48 Countries That Beat The U.S. To (Tender) Gender Equality

The U.S. is one of the last developed countries to still not have a woman on its paper money. Kyrgyzstan, a former Soviet Republic, got there decades before us. And their 5 Som banknote—which features a famous Kyrgyz ballerina (more on that below)—is so cool, we were inspired to create the Som Blanket.

First a little geography. This is Kyrgyzstan:






Just kidding, that’s not a country, it's the Caspian Sea. Kyrgyzstan is here:





Ok seriously? That’s Afghanistan, come on now. For real though this is Kyrgyzstan:




[UN / Wikipedia]

Sorry, we've been watching too much John Oliver.

Kyrgyzstan is a small landlocked “-stan” which borders the Great Eurasian Steppe. It's small (5.7 million people), rural, and conservative, yet it nonetheless happens to be one of only 48 countries (out of 196 total) that has put a woman on at least one of their printed banknotes. Here’s a nice chart Vox put together with the full list of countries:

We highly recommend reading this article from Vox. [Zachary Crockett/Vox] 

Of course this begs the question: the U.S. government has been printing money for over 155 years, why isn't America on that list? Well, despite having put Martha Washington on a silver dollar certificate and Pocahontas (as part of a vignette) on the $20 bill briefly in the 19th century, the U.S. lags behind most developed countries (and some developing) in featuring a woman on one of its paper bills.

In 2016 it was announced that heroic abolitionist Harriet Tubman would be replacing genocidal white supremacist Andrew Jackson on the $20 bill in 2020 to mark the centennial of women’s suffrage, so kudos America.

Harriet Tubman on the $20 bill.It's about damn time.

The campaign to put a woman on the $20 bill was fought and won by a group called WomenOn20s. You can lend your support to the cause here: http://www.womenon20s.org/

Now back to Kyrgyzstan, whose national flag has a bird's-eye view of a yurt on it, which is pretty dope:

Kyrgyzstan national flag

There are 40 rays surrounding the yurt, representing the 40 tribes that Kyrgyz folk hero Manas brought together to repel the Mongols.

Also dope is Kyrgyzstan's first form of currency—the horse. Until as recently as 1910, the horse was the main monetary unit and store of value. However if what you were buying was worth less than one horse, your small change would be returned in lambskins.

 One horse, three lambs

"The price is one horse and three lambskin please"  [Vicons Design / Noun Project]

Today the Kyrgyz currency is the Som, which has on its 5 bill the famed ballerina Bübüsara Beyşenalieva (1926-1973) the first prima of the Kyrgyz ballet.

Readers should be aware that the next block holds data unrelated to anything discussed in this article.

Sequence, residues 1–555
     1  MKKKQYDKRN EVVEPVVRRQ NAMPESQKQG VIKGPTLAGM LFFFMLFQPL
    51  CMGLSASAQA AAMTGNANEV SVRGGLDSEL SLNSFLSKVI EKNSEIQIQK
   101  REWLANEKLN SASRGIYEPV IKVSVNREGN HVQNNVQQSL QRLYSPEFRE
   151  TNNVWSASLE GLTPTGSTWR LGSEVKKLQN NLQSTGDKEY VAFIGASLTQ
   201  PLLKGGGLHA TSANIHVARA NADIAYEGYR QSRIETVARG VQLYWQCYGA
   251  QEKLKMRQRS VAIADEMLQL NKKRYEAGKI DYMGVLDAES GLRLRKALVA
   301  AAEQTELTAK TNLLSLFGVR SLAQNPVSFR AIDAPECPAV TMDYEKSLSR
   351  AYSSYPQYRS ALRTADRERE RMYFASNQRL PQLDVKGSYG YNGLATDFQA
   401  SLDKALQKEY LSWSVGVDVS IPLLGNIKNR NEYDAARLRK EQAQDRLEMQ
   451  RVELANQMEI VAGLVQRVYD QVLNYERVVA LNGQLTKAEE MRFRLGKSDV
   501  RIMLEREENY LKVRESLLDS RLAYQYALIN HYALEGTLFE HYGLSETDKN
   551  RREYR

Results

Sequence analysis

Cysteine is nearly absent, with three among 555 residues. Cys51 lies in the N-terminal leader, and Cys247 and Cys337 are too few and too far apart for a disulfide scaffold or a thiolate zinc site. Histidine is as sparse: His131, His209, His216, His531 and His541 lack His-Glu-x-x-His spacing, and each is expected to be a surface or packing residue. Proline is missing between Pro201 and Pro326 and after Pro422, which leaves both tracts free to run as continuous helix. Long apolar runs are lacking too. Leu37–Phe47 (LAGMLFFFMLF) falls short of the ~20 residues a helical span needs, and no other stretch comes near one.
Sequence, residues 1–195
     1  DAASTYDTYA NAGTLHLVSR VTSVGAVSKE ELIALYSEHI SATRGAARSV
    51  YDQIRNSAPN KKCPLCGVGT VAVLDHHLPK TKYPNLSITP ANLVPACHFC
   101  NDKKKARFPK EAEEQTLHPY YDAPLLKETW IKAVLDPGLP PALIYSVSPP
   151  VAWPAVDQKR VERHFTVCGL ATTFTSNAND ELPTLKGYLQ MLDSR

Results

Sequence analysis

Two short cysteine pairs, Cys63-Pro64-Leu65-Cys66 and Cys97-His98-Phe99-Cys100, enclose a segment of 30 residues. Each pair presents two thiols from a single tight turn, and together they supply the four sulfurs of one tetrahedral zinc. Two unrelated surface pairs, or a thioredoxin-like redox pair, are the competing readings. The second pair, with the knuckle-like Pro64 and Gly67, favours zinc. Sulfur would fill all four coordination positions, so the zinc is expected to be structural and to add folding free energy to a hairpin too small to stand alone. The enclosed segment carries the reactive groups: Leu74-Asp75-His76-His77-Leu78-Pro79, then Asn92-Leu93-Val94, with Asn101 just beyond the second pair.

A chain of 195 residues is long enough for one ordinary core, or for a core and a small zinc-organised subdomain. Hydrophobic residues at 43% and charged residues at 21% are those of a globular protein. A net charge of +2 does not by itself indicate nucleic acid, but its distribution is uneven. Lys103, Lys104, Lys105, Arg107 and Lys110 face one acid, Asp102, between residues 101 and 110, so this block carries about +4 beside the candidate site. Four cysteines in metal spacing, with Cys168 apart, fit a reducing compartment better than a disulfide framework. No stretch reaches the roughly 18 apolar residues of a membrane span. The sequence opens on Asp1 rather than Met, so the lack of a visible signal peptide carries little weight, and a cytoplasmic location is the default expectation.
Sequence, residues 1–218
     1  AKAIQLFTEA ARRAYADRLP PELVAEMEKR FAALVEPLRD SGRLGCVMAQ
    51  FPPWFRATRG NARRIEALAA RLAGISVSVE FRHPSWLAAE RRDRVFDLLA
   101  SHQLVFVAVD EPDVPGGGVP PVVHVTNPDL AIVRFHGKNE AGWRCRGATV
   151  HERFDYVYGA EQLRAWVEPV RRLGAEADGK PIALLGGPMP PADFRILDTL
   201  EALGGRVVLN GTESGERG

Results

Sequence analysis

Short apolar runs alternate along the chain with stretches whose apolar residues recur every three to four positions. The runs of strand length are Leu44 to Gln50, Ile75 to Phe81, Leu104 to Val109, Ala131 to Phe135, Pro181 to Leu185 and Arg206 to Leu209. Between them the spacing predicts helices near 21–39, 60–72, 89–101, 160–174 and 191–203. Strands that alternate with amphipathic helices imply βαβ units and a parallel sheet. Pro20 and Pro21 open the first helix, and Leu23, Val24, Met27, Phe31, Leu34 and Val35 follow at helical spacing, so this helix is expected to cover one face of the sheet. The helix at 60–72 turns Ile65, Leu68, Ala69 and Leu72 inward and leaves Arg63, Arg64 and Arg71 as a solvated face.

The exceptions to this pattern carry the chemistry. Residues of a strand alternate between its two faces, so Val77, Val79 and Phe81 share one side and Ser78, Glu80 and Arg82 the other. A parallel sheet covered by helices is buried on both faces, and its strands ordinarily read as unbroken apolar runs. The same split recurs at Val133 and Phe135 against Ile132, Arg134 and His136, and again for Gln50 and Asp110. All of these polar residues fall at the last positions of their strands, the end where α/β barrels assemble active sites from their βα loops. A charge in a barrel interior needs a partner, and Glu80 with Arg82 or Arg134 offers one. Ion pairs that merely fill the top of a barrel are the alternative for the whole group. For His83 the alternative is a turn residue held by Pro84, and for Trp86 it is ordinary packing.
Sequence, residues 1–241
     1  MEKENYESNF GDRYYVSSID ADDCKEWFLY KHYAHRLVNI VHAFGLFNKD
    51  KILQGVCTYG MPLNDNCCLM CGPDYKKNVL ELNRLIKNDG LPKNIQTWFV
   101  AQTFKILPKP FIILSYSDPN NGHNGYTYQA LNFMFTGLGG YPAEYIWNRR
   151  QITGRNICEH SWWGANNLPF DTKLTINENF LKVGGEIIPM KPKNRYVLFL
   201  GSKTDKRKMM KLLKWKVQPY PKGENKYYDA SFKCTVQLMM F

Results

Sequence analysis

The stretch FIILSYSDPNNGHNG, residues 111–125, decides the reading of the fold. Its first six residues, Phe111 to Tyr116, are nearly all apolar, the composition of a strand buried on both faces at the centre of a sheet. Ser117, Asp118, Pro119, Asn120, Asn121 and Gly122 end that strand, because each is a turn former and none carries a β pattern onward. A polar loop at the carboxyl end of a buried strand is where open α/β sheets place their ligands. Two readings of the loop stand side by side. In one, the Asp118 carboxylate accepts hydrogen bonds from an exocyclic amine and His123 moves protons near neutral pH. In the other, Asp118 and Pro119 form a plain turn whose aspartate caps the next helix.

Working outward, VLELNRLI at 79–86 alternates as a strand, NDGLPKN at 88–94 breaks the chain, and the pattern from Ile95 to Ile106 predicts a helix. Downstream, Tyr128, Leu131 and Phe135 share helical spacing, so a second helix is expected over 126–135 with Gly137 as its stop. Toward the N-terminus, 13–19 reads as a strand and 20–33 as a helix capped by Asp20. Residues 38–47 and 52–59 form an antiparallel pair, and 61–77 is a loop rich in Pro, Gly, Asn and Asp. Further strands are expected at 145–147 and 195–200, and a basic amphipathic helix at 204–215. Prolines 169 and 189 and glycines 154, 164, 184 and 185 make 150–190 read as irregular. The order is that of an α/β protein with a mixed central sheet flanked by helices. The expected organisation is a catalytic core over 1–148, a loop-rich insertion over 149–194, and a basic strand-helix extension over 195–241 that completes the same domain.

Kyrgyzstan 5 Som banknote.

I wasn’t able to find much information on her (or a photo of her in action), but here's what I could gather: she was one of the first ethnic Kyrgyz ballerinas to study in Russia, she debuted at the Bolshoi Theatre in Moscow, the Kyrgyz (like the Russians) love their ballet, and she’s so famous in Kyrgyzstan that she’s known simply as “Bübüsara.”

Bubusara Beyshenalieva

Lastly we thought it important to point out that while the U.S. could do a lot more to balance the gender inequality of its currency, it is unfortunately not an outlier on the world stage. Of the world's 196 countries, only 48 of them have at least one woman on their paper currency.

When taking into account repeats, this means there are only 46 individual women (of all the women that have ever lived) on a currently circulating currency. 

What the 46 women on world currencies are known for.

[Zachary Crockett/Vox]

Sadder still, while women make up 50% of the world's population, when we count up all denominations of the world's 180 officially recognized currencies, women are on only 120 of the 1,300 bills in circulation worldwide. That means that women represent only 9% of world's paper currency.

It also bears mentioning that of those 120 bills, Britain's Queen Elizabeth II accounts for 74 of them, which means that women other than the Queen of England represent only 3% of the world's currency. Yeesh.


All of QEII's currency appearances since the age of 8. [The Washington Post]

There are some bright spots, in particular Australia where a different woman is on 4 of its 5 bills. Sweden also deserves a mention as it puts women on 4 of its 6 banknotes. Here's hoping more of the world joins them soon!

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— Hiller Dry Goods

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